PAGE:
High cost, time consuming analysis of exploration drill cores
Costs associated with setting up and moving drill equipment, plus the time required to send drill-hole samples off to a lab for manual characterisation and analysis, makes exploration surveillance for new mineable resources a time consuming and high cost endeavour.
In an industry where time is money, rapid reliable results can deliver significant cost savings, faster decision making and increased productivity.
Taking the lab into the field could minimise the turnaround on results and allow mining or exploration companies to have real time information about the mineralogy and chemistry of the drill-hole samples enabling efficient planning of what to do next i.e. drill deeper, drill further holes, try elsewhere or stop.
Fast, in-field analysis
In partnership with Imdex and Olympus Scientific Solutions Americas, under the Deep Exploration Technologies Cooperative Research Centre (DET CRC), we have developed Lab-at-Rig® technology which can deliver on the spot results from drill holes samples in a one hour cycle.
After observing diamond drilling operation and noticing the fluid carrying the drill cuttings to the surface, researchers focused on developing technology to use cuttings separated from that fluid for real-time sample analysis.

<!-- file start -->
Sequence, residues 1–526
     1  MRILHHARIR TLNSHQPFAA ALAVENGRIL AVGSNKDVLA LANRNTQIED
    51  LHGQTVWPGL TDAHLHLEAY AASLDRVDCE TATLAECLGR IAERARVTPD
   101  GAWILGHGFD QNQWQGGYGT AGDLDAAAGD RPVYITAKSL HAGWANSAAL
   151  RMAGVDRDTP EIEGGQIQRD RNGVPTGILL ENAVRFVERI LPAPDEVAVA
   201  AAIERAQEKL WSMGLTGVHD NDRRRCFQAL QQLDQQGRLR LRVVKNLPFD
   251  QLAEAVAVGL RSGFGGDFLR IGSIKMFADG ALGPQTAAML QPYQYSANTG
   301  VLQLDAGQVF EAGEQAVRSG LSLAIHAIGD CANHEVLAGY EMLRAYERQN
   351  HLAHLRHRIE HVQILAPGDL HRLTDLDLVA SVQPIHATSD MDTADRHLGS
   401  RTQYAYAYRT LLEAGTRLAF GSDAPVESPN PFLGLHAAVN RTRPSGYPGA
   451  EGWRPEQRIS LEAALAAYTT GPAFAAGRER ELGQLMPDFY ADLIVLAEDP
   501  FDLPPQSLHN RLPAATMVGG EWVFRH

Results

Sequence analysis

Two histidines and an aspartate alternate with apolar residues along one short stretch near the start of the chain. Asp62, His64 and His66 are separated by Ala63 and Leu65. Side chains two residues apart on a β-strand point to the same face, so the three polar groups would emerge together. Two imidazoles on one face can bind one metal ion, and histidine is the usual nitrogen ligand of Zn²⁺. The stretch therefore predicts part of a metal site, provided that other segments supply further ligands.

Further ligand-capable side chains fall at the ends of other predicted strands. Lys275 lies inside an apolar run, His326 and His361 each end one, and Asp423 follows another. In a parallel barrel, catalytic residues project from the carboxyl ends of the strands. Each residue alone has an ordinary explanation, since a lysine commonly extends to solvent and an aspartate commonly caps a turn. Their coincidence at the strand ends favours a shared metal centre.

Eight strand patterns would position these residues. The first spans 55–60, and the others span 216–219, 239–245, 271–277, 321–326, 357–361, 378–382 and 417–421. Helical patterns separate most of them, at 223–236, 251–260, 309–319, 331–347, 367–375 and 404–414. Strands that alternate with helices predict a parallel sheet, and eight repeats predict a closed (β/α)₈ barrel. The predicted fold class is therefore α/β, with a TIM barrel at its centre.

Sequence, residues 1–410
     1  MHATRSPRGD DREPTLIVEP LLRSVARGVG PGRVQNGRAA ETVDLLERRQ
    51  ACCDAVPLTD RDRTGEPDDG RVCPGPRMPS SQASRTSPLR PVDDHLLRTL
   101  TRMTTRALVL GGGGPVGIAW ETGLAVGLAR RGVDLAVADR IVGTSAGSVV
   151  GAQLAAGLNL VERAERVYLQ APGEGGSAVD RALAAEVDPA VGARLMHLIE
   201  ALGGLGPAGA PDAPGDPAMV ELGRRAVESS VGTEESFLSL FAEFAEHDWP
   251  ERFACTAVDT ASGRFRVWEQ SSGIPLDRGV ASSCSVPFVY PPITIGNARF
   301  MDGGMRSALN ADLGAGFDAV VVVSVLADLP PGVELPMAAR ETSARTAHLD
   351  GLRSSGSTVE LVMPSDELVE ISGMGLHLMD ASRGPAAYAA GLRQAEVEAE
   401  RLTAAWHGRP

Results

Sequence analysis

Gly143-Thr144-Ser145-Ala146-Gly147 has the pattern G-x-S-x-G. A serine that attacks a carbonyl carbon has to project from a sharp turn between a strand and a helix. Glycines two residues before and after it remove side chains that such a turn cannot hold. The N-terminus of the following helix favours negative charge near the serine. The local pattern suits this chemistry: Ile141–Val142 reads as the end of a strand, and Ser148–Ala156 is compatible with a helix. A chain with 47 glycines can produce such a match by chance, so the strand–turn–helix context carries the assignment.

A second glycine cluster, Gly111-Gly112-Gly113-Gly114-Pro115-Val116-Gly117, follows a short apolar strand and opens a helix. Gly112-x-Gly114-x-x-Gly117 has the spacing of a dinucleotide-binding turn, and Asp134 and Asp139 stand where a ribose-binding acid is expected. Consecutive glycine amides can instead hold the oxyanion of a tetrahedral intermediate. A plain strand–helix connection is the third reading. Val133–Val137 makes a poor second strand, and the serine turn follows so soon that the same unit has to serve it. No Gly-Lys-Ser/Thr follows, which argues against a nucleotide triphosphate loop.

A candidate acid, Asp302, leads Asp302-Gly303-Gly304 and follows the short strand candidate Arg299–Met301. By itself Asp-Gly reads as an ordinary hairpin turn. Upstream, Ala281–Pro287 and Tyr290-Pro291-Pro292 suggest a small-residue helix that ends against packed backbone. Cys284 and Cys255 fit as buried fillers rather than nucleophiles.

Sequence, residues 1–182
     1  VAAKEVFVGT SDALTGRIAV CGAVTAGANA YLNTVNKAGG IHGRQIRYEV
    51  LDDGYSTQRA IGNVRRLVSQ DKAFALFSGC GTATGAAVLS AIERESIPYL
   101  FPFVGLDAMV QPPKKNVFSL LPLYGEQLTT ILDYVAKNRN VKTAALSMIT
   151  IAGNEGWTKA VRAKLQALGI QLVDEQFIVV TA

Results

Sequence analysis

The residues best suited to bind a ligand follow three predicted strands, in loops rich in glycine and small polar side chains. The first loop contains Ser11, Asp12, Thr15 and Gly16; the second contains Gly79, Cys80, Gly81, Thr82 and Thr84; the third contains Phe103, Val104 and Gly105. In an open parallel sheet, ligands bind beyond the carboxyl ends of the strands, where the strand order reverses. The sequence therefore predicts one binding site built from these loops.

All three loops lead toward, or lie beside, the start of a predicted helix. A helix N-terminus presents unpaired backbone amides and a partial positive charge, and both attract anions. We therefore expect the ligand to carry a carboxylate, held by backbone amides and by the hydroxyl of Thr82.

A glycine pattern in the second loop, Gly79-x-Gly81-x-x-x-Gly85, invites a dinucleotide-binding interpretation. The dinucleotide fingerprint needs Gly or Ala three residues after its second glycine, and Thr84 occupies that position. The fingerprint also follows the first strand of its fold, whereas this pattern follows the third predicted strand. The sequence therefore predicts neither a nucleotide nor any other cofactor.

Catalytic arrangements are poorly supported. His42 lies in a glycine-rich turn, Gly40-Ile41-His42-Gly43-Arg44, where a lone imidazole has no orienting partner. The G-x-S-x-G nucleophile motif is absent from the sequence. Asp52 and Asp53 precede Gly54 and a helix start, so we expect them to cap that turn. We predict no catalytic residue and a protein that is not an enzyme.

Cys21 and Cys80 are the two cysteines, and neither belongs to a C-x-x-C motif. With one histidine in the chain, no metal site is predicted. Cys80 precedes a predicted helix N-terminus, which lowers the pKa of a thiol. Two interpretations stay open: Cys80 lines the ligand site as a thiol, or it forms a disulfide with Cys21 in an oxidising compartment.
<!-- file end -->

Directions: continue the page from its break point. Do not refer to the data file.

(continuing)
Lab-at-Rig® features automated analysis of mineralogy and geochemistry of drill-hole cuttings direct from the drill site, along with the relevant sampling methods and quality control.
The Lab-at-Rig® prototype system is fitted to a diamond drill rig and a solid recovery unit and includes:
- a sample preparation unit that collects solids from drill cuttings and dries them
- X-ray fluorescence and X-ray diffraction sensors to provide chemistry and mineralogy of the sample respectively, and
- the ability to upload data to a cloud-based storage platform where it can be analysed and provided back to the explorer.
Commercialisation partners for deployment
Lab-at-Rig® technology is currently being commercialised by REFLEX, a business in the ASX-listed Imdex Group of Companies.
In addition, CSIRO, Imdex, Olympus, University of Adelaide and Curtin University are now working on the $11M collaborative DET CRC Lab-at-Rig Futures Project which will build the next generation system to cover: new sensor technologies, improved data analysis and processing for decision making, and development of the system for new applications and drilling platforms.
The Lab-at-Rig® R&D achievement is one of many successful outcomes from our engagement in the CRC program. Over the years, we have participated in 149 of a total of around 200 CRCs and are currently active in 15 CRCs.